I always believed that I could practice the piano anywhere: as a girl, in the middle of my parent’s home, after dinner, quietly, while my dad took a nap ten feet away; in a practice room at my college when, as a young woman, I decided to take it up again; as a new mom in the cement-floored unfinished basement of our home; or on a sleek, black upright in the living room in the midst of our four bustling children. I made it work,learning the music, trying to tune life out around me for a few minutes at a time.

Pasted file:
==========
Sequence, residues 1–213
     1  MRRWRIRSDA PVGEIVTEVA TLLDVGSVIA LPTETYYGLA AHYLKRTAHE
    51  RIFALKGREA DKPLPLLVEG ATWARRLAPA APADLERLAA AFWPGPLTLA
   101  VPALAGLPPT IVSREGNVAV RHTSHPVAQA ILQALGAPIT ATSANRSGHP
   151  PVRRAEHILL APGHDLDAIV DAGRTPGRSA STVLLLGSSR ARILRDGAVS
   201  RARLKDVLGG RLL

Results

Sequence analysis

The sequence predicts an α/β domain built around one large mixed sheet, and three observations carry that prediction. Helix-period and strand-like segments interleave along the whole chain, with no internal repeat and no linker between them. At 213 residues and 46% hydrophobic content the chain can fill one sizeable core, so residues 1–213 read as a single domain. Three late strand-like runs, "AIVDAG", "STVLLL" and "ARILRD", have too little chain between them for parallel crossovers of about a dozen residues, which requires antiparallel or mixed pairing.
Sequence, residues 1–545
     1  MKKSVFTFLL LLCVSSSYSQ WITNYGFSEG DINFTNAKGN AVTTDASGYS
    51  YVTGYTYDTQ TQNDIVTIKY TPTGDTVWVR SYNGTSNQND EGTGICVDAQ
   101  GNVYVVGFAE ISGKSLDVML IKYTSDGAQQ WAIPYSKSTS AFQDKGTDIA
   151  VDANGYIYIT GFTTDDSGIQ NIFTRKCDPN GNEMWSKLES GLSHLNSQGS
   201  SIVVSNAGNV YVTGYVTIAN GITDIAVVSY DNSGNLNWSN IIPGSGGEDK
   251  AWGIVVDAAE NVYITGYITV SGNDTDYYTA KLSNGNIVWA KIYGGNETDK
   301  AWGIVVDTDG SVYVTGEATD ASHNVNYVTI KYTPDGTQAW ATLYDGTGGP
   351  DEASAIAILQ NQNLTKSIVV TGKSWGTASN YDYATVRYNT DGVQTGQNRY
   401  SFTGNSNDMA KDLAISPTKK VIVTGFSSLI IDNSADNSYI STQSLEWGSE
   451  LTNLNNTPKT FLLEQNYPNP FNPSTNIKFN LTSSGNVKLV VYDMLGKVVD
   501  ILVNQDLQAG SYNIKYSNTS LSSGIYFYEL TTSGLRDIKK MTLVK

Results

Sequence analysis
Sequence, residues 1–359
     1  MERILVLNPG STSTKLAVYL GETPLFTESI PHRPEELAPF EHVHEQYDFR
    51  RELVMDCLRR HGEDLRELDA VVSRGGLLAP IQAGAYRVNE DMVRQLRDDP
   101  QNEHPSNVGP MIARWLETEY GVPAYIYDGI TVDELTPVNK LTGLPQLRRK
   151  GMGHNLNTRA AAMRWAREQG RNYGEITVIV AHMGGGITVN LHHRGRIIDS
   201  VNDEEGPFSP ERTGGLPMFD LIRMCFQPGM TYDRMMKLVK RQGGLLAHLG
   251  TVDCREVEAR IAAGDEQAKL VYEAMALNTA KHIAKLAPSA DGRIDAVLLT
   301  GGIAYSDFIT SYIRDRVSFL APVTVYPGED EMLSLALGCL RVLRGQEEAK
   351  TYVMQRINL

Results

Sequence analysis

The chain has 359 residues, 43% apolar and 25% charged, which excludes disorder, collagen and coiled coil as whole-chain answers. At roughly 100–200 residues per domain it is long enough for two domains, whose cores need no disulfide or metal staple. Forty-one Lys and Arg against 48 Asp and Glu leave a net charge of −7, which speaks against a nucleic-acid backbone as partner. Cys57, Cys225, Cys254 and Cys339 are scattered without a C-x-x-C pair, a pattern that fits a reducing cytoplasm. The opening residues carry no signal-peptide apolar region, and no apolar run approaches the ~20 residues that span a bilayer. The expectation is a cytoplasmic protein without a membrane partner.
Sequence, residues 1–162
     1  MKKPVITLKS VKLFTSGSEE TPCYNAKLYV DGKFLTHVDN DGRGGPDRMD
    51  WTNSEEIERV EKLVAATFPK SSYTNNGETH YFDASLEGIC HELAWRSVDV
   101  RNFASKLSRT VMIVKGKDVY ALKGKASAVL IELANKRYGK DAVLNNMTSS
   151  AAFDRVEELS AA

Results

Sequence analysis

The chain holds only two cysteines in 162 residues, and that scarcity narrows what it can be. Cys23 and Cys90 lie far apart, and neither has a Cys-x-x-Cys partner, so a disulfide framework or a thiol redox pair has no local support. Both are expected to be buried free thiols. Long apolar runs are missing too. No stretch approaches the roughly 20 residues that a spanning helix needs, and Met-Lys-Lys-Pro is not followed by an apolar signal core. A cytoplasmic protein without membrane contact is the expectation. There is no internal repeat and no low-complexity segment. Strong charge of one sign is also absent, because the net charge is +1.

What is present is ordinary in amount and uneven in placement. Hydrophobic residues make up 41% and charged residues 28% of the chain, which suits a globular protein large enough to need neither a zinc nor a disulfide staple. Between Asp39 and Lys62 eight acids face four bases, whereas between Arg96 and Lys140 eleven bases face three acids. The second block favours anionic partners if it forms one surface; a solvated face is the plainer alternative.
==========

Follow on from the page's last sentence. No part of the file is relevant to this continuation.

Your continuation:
But, then, when I was 62, we moved to a sunny condo on the Cape. With a loft. With my grandmother’s restored baby grand piano. Once again, I began lessons, remotely this time with Melissa, in the middle of March 2020, as the pandemic kept us all home. My work desk, an antique table from my mother-in-law’s historic home, was placed beside the piano. And, as I began to play again, I realized that sometimes, it may indeed matter where you play. As I age, I need that beautiful space to focus better, to practice difficult measures over and over, to appreciate the quiet in the midst of this tumultuous time in our country. I seek out the loft and the piano when my day is stressful, when I find myself a little lost, or need to still the news of the day that’s addled my brain. I turn the soft light on beside the piano, revel in the family pictures on the wall, run my fingers along the silky black and white keys, and feel blessed to have this sacred space. I may have been able to play anywhere, under any conditions, when I was younger and joyful distractions swirled around me in a messy basement or in the middle of our busy home. But these days, whether due to age or circumstance, I need a quieter, serene place to learn and practice the gift of music. How lucky I am to have found it, in a condo, on beautiful Cape Cod.